Poison Ivy in Hay Field
Hello, We own a 40 acre parcel of land in Leelanau County just west of Northport. Currently (7) acres is planted in Riesling, Chardonnay, Pinot Gris and Marquette. We are experiencing a significant amount of poison ivy growth in the vineyard. We have been spot treating the poison ivy with 2,4-D before bud break and now (after bud break) we are spot treating using a hand spray with a shield around the nozzle head with round up. Is there another chemical that would be more effective. We also have (15) acres of field that we had contracted with someone to come in and cut to use as hay for cows. When they came this week, they decided not to take the hay because there was significant amount of poison ivy in the fields as well. We need to get rid of the poison ivy. What is the most effective way to do this? We also need to be careful of spraying anything that will drift onto our vines. Thank-you, Theresa Holmstrom 517-614-4466
Leelanau County Michigan weed issues
This is a difficult situation. Unfortunately, grapes are very sensitive to the growth regulator herbicides (aka synthetic auxin; Group 4) that are most effective on poison ivy. You are already using one such product 2,4-d when the grapes are dormant, but probably the most recommended product for poison ivy control is triclopyr (e.g. Garlon and Bayer Advanced Brush Killer Plus). These compounds are volatile, can be prone to drift depending on the formulation, and therefore are not recommended for use anywhere around grapes. Within the grapes, continued shielded spot treatment with glyphosate is probably your best option. It may take several applications, but it should be effective over time and will not cause issues due to volatilization.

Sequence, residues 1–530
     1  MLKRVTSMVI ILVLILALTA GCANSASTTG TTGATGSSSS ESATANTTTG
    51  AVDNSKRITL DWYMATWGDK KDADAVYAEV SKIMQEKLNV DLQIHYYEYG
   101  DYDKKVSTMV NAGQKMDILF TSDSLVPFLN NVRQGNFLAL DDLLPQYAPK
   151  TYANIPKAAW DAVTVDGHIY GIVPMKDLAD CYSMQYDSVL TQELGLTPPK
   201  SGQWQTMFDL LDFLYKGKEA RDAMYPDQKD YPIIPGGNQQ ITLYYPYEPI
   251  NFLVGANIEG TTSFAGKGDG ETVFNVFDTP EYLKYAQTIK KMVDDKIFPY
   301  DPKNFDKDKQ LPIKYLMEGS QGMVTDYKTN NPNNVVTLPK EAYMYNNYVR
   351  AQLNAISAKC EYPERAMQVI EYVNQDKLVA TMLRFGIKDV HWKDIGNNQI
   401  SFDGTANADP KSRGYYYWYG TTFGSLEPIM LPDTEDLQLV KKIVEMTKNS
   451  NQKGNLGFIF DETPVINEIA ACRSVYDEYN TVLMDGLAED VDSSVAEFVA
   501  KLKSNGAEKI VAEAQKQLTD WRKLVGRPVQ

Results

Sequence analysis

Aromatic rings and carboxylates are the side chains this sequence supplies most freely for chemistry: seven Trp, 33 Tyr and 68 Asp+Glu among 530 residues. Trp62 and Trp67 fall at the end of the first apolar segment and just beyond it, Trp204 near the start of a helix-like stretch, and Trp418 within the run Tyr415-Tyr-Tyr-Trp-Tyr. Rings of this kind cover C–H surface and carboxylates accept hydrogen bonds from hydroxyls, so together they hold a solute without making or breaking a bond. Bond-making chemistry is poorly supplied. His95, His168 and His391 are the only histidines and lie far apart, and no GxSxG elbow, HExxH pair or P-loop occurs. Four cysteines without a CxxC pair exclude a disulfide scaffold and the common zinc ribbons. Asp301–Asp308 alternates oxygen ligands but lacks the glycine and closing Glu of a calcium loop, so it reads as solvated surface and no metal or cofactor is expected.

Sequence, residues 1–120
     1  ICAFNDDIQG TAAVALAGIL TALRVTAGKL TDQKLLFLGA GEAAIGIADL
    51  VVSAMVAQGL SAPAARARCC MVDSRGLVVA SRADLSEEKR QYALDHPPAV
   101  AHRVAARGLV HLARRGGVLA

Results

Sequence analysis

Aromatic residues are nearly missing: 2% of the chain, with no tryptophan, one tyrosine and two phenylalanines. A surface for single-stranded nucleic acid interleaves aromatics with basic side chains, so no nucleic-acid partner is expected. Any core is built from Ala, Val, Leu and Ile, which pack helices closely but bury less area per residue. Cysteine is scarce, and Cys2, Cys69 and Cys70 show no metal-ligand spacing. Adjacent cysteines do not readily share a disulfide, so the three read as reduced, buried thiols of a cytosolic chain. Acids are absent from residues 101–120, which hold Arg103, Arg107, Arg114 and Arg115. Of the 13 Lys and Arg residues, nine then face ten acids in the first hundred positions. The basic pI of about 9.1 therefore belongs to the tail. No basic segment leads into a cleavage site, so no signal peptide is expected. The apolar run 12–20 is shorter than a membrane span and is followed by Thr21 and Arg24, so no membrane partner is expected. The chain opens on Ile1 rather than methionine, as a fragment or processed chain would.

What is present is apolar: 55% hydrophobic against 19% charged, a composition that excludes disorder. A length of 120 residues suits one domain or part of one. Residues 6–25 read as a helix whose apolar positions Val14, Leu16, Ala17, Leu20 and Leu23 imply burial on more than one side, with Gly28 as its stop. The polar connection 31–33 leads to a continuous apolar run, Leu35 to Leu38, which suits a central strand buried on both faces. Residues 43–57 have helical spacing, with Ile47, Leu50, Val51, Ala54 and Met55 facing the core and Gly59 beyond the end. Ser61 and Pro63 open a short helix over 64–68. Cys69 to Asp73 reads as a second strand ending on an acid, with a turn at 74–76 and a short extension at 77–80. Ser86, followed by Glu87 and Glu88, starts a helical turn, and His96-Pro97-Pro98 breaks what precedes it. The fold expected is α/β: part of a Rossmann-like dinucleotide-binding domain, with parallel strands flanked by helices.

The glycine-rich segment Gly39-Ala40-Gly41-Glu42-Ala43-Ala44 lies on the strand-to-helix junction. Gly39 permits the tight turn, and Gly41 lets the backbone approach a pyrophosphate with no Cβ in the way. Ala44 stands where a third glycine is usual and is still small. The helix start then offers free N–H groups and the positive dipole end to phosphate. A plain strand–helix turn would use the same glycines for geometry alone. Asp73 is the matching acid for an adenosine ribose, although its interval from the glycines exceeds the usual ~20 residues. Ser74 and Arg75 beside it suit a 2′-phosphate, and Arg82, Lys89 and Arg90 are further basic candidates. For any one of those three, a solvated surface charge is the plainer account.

You may be able to use triclopyr in the hay field early in the season before the grapes have started to grow. Crossbow is an example of a product that contains both 2,4-d and triclopyr that may be effective, but you’ll note that the label specifically warns against drift and volatility being concerns near grapes. If the infestation is bad enough that they will not harvest it may be time to replant all or some of the hay after first spraying with glyphosate and later tilling to be rid of the ivy. Currently, if the ivy present is killed in the hay, the dried material present will still have the irritant substance (urishol), which does not degrade rapidly. As with any herbicide application you should read and follow all labeled instructions and you will want to pay special attention to any restrictions on hay harvest or grazing.